This movement is seen as necessary for restoring relations and has been in motion since Obama was President. Feierstein mentioned this doesn’t seem to be a top priority for the new administration, but did acknowledge that he worked with his replacement by briefing him on the position of senior director for western hemisphere affairs on the National Security Council.
Trump's Administration Addressing Cuban Relations
Feierstein said a new administration will always take time to organize and prepare the objectives and goals of the office; however, he feels taking too much time can cause relations to falter, especially with countries that have adverse history like the U.S. and Cuba.
Feierstein also said he couldn’t get a clear understanding of where the U.S. will approach relations with Cuba from his briefing, but worries that a "bullying" approach of challenging Cuba has never gone well throughout history.
He recalled when Obama shook hands with Raul Castro at Nelson Mandela's funeral at the end of 2013. He said this simple action meant a lot to the Cuban people, for it was a gesture of respect.
He said he understands that President Trump and Secretary of State Tillerson will take a tougher approach to human rights; however, they might be less careful with upholding the transparency of programs initiated by the Obama administration in Cuba. This includes the U.S. State Department's travel program that has gained more popularity for Cuban-Americans who visit family and opens up possibilities of future trade and business agreements with Cuba.
Feierstein noted that the U.S. Congress has already began addressing the possibility of lifting the trade embargo with Cuba after constituents involved in farming and agriculture, tourism, and business industries have showed interest in working with the country.
“My hope is change will come quicker than we realize,” Feierstein said.
He added that this change would come quicker if the U.S. wasn’t an enemy of Cuba, and he recommended that the new administration have patience; business deals with a prepared and stronger Cuba could produce new opportunities for both countries.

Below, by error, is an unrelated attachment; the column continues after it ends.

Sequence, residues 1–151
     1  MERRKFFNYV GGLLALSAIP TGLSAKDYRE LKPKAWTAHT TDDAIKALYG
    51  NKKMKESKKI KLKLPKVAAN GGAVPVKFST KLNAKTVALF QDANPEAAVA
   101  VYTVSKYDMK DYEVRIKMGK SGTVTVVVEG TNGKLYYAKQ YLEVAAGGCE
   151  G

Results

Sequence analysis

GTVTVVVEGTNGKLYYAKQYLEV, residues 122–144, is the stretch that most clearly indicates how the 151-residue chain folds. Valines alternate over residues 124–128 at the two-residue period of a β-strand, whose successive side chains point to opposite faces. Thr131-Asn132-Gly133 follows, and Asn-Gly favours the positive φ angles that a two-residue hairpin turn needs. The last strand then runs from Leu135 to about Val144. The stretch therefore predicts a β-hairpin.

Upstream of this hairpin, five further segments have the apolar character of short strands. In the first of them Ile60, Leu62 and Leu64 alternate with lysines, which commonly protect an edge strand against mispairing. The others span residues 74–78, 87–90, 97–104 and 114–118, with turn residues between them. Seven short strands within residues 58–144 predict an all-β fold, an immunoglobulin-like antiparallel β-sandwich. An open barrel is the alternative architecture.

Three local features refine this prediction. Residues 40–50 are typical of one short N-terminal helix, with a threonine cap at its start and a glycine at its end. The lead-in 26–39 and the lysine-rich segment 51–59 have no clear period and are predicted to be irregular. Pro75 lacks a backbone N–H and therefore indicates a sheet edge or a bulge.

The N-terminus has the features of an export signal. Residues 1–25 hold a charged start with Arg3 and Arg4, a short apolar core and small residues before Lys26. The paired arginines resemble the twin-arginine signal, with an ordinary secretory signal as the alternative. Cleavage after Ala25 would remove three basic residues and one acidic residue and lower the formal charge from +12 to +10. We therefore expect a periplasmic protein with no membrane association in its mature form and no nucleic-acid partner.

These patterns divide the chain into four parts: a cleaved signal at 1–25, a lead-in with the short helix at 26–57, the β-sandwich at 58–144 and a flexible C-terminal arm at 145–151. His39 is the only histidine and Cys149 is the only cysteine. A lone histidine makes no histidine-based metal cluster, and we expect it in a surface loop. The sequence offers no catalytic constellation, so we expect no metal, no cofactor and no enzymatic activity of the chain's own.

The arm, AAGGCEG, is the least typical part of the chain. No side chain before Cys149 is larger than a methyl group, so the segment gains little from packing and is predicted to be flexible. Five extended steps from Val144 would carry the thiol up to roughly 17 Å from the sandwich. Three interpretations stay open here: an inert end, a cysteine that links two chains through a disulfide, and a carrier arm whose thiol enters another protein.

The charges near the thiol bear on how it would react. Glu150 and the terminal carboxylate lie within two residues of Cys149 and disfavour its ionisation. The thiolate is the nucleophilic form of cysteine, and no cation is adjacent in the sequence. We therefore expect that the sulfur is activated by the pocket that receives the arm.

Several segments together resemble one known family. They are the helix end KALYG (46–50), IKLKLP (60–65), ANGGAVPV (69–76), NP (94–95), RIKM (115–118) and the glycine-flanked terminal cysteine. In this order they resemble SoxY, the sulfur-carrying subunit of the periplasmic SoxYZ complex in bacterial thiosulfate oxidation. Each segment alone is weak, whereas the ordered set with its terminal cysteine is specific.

If Cuba can allow for more freedom of speech and freedom of assembly through improved internet accesses, then this could produce the mentioned outcomes of cooperation with the U.S.
Since Cuba doesn’t have the bureaucratic numbers that the U.S. does to push these reforms in place, it will take time to accomplish. Officials in Cuba have less independence to make changes because the country still runs under the Cuban Communist Party.
“Sometimes, as a policy maker, you feel you are in a lose-lose situation, as criticism will be shown no matter what is decided,” Feierstein said.
Feierstein closed the discussion by saying the Trump Admiration might surprise the U.S. by making the mentioned changes, though it has been rumored by White House officials and career colleagues of Feierstein that, because Cuban relations are tied to Obama’s legacy, there will be little incentive to prioritize U.S.- Cuban relations in the immediate future.
In regards to yesterday's presentation, Jeffery G. Boone, Ph.D., Department of Communications and Mass Media at ASU, spoke about the Foreign Affairs Speaker Program and what students gain from the presentations.
"This is a great opportunity for students to meet and hear from people who have been all over the world,” Boone said. “These are people who have -- or who still are -- influencing or crafting foreign policy for the United States."
Carlos Tovar, ASU student, said he believes the discussion over these relations isn’t well-known by students, and he was happy the presentation was held on campus. He thinks certain business, like agriculture, would be a component in forging relations with Cuba to create jobs and profit for the industry.
ASU has held theses lectures annually since 2003. Some of the guest speakers of the past include U.S. Ambassador Edward L. Peck (2006), Middle East Institute Scholar Molly Williamson (2012), and Chairman James N. Purcell Jr. (2016).